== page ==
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Douglas E. Winter

Alfred A. Knopf / Random House

US Hardcover First

ISBN 0-375-40838-X

Publication Date: 03-07-2000

259 Pages; $23.00

Date Reviewed: 01-29-03

Reviewed by: Rick Kleffel © 2003



Mystery, General Fiction, Horror

Writers can ride a riff every bit as easily as can musicians. From "Call me Ishmael" to "The sky above the port was the color of television, tuned to a dead channel", writers who get a strong voice speaking and keep it up have sucked in readers whether they cared about the subject or not. Douglas Winter is a Washington DC attorney who has been moonlighting as a horror writer and editor for many years. As a writer, he made his mark in horror fiction with a series of very clever and hilarious satires of the New Yawk literati bad-boy novels of the 1980's and 1990's. He recast such pan flashes as 'Bright Lights Big City' and 'Less Than Zero' into a world overrun with George Romero's zombies from 'Night of the Living Dead'. He came up with short stories like 'Bright Lights Big Zombie', and 'Less Than Zombie'. In those stories, his language was so highly controlled and so perfectly cast that they transcended satire and entered an almost ethereal realm of hilarity and literary observation. His first novel, 'Run' displays a similar control of language, a similarly grim sense of humor and enough skill to scare the heavies he portrays with deadly accuracy. On the first page Burdon Lane starts telling his story, and readers who can stomach the violence will be hard pressed to put it down.

'Run' is a twisty big-screen thriller about gun-running between states. Burdon Lane is a "businessman" who uses his job with a legitimate arms dealer to bring weapons where they don't belong. When Winter opens the novel, the reader is nailed to the page by hiss witty, direct prose. If you like Burdon Lane's voice, you're likely to love this novel. For Burdon, this week's run is supposed to be like any other. But it ends up in a firefight, and Burdon finds himself in an uneasy alliance with a gang-banger named Jinx. As the fire pit deepens, Burdon finds that companions, cops and crooks are not who they pretend to be. Soon the question becomes, just who is Burdon Lane and what is he capable of? From the opening scenes, we already know that he's capable of some pretty heinous acts.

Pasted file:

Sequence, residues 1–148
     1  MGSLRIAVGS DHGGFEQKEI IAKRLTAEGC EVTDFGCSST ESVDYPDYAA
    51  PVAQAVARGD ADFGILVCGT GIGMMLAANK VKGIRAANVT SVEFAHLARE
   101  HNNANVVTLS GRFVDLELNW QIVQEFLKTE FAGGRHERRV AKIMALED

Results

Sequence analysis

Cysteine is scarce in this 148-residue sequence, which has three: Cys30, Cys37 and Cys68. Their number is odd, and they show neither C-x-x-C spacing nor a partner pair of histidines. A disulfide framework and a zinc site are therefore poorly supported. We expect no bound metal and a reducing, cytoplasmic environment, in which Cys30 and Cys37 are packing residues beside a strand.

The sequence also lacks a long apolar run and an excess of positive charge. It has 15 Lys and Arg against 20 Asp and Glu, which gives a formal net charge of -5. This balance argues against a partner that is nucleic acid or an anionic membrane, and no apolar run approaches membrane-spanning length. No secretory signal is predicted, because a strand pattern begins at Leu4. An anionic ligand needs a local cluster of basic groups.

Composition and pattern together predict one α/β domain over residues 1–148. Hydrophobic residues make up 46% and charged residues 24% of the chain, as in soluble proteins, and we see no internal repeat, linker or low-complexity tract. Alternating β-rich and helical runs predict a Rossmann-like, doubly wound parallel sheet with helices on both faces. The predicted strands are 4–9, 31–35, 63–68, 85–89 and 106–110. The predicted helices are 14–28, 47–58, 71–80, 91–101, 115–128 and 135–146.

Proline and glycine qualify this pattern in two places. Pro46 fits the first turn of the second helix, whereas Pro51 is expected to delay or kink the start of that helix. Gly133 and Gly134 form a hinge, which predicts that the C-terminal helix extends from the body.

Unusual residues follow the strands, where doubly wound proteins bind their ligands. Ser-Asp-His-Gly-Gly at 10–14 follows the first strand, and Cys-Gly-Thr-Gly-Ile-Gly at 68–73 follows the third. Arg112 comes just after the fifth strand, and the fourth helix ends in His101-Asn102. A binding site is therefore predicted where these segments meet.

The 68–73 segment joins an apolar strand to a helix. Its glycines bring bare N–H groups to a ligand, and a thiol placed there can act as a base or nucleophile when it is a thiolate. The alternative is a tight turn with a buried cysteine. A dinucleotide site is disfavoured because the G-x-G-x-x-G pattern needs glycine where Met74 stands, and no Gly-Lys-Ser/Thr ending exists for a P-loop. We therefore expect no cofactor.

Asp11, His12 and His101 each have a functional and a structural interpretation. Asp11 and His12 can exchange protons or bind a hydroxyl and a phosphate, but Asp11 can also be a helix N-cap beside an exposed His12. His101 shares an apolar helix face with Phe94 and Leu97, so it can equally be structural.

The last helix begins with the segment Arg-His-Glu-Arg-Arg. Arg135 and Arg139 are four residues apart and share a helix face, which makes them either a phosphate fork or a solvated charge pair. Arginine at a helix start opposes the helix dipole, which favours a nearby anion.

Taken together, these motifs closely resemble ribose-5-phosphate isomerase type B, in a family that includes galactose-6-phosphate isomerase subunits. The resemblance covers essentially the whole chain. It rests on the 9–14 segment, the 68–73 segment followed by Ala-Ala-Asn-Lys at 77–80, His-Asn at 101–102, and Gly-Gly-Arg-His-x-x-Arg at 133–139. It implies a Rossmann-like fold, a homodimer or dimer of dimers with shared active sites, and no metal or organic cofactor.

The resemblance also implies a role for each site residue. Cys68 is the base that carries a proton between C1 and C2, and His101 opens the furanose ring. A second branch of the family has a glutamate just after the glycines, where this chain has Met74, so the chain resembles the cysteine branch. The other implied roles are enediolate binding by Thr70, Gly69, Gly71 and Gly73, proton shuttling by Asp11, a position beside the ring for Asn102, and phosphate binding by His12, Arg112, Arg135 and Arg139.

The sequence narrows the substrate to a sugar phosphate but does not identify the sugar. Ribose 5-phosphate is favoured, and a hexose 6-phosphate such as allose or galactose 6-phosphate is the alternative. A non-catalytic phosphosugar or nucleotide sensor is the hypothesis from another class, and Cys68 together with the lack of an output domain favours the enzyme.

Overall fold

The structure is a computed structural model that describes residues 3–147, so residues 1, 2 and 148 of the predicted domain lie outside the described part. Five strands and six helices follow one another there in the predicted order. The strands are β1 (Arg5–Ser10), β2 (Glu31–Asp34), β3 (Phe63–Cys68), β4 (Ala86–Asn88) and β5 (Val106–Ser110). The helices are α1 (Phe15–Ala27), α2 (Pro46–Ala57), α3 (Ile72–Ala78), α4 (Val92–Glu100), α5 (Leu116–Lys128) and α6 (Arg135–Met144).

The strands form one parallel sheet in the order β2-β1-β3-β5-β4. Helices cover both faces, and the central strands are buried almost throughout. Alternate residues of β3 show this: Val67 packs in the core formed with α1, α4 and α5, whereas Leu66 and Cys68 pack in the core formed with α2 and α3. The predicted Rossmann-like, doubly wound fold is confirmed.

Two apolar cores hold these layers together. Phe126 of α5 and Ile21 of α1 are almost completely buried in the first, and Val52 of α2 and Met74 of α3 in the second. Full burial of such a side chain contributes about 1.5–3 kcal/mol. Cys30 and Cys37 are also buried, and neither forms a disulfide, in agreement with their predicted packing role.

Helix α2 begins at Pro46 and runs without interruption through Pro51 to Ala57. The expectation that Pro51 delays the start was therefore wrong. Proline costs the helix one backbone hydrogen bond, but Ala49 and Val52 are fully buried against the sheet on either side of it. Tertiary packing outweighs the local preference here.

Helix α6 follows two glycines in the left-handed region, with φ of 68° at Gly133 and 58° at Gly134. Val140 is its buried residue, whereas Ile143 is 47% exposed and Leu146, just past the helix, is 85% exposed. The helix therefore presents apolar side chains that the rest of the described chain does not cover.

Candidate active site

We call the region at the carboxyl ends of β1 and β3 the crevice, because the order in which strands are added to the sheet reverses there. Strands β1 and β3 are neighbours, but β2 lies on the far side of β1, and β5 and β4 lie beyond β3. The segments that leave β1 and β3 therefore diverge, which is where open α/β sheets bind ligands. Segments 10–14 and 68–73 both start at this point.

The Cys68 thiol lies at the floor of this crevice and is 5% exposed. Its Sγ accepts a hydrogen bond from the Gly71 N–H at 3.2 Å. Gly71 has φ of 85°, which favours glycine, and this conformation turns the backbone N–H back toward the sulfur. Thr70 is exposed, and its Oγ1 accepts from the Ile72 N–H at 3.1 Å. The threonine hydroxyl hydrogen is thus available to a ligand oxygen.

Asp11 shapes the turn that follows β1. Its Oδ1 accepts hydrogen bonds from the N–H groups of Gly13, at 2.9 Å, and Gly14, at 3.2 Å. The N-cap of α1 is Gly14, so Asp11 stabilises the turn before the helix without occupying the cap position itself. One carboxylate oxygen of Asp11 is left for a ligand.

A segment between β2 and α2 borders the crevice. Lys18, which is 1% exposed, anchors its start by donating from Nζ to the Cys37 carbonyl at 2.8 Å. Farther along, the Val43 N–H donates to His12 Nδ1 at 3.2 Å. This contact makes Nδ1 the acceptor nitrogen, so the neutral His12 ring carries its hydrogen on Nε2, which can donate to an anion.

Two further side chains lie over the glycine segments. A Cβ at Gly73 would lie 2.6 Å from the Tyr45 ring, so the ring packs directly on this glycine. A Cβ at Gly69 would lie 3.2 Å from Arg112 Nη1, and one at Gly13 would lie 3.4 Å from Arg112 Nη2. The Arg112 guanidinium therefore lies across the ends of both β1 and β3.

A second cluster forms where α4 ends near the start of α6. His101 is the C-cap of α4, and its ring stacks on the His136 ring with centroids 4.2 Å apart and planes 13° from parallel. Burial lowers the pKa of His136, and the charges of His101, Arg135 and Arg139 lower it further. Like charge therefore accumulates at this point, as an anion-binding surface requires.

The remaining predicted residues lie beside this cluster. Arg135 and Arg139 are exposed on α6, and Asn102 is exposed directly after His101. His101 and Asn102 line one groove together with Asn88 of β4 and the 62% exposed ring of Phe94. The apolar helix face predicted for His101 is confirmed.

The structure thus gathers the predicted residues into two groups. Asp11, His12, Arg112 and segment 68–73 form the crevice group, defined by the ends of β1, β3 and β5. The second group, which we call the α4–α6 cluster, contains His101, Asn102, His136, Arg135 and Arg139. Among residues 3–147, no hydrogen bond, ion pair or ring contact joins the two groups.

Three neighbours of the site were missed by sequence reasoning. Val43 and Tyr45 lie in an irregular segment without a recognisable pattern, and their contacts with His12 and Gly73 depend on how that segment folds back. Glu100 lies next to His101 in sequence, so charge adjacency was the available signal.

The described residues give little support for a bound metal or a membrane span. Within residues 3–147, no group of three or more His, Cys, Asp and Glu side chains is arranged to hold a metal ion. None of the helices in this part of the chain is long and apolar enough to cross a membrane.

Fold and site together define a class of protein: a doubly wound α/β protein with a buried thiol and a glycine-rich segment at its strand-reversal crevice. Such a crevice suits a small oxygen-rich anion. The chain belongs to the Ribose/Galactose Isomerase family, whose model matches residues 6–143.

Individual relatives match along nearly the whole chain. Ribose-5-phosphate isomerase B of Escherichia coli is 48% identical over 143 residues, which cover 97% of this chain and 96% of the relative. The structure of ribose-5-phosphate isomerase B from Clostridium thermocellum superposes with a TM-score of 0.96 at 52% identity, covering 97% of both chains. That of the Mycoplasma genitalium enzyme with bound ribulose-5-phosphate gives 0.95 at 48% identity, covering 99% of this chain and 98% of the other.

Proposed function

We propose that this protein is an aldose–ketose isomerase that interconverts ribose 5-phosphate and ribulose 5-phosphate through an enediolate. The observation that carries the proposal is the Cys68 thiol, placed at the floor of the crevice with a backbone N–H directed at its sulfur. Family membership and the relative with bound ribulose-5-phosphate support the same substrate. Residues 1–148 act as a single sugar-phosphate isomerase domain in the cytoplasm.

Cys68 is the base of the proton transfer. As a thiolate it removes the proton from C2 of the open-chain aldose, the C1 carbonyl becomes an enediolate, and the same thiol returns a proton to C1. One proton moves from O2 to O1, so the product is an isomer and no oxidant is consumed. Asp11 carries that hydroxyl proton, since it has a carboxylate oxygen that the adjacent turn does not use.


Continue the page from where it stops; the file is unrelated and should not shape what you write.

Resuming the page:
Winter has clearly done a boatload of research. His prose is confident beyond compare. Readers will buy every feeling, every move that Burdon makes because Winter writes it with a natural cheetah-like grace. These details also keep the novel interesting on two levels. On one hand, the revelations about America's gun culture --even to those in the know -- are fascinating and complex. We see the nuts and bolts of both the legal and illegal aspects of producing and selling weapons in America. Prepare to have your Second Amendment bubble burst. Winter's a DC attorney. This is may not the nicest thing to be, but it's clearly a good way to get to know the kind of stuff he's writing about here. 'Run' has all the rewards of a well-researched novel.

All this detail also lends itself to the many twists and turns this novel takes. With every revelation comes more skullduggery, with every new fact comes a new fate. Winter pumps up the paranoia with corporate criminals, government thugs and political pimps. Each time the reader learns something new is an opportunity for Winter to throw another monkey wrench in Burdon's rapidly unraveling plans. Since the whole novel takes place in one straight bout of action, plenty of turns are needed and plenty are taken.

Winter is slightly less successful with his evocation of the gang-banging culture. Jinx and the U Street Crew, alas, just cannot compete with the veracity he brings to Burdon Lane. While the quality dip never stops the show, it does come to light. However, this mostly a result of the purity of Burdon Lane's rap, and Winter wisely sticks with Burdon Lane even when we're banging about.

Just to give readers an idea of the prose here, I'm going to quote the opening sentence:

"So we're shaking down this Dickie Mullen guy, and the guy's your usual suburban shoot-shop owner, talks the talk about home defense and hunting season, spreads out copies of Guns& Ammo and Soldier of Fortune, sells crappy .38s to concerned hubbies and housewives and all the while he's dressed up in the red, the white, the blue, it's the grand old fucking flag."

Burdon's --and Winter's 'Run' is a break-neck (and lots of other things) thriller with a lot more of a brain than the usual shoot-em-up. It really leaps off the page and onto the reader's personal big-screen, which, in the novel's denouement, becomes something of a problem. Like a big-budget action thriller, the volume seems a little bit too loud, even though it's a really rockin' good time. But that's merely the last two seconds of a 259 page blast to the brain; the eye-burning finish to a meth-amphetamine overdose. Like good speed freaks, readers won't know what hits them even as their hearts burn out.